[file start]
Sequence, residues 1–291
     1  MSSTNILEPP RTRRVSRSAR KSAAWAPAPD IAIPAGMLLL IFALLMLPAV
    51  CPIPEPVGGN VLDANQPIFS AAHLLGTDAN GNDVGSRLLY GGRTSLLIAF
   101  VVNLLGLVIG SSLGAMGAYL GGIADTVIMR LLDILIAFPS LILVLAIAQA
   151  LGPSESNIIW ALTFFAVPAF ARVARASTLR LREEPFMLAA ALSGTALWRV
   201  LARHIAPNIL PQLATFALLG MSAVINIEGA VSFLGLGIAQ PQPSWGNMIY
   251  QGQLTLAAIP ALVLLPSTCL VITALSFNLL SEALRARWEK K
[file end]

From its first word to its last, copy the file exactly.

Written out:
Sequence, residues 1–291
     1  MSSTNILEPP RTRRVSRSAR KSAAWAPAPD IAIPAGMLLL IFALLMLPAV
    51  CPIPEPVGGN VLDANQPIFS AAHLLGTDAN GNDVGSRLLY GGRTSLLIAF
   101  VVNLLGLVIG SSLGAMGAYL GGIADTVIMR LLDILIAFPS LILVLAIAQA
   151  LGPSESNIIW ALTFFAVPAF ARVARASTLR LREEPFMLAA ALSGTALWRV
   201  LARHIAPNIL PQLATFALLG MSAVINIEGA VSFLGLGIAQ PQPSWGNMIY
   251  QGQLTLAAIP ALVLLPSTCL VITALSFNLL SEALRARWEK K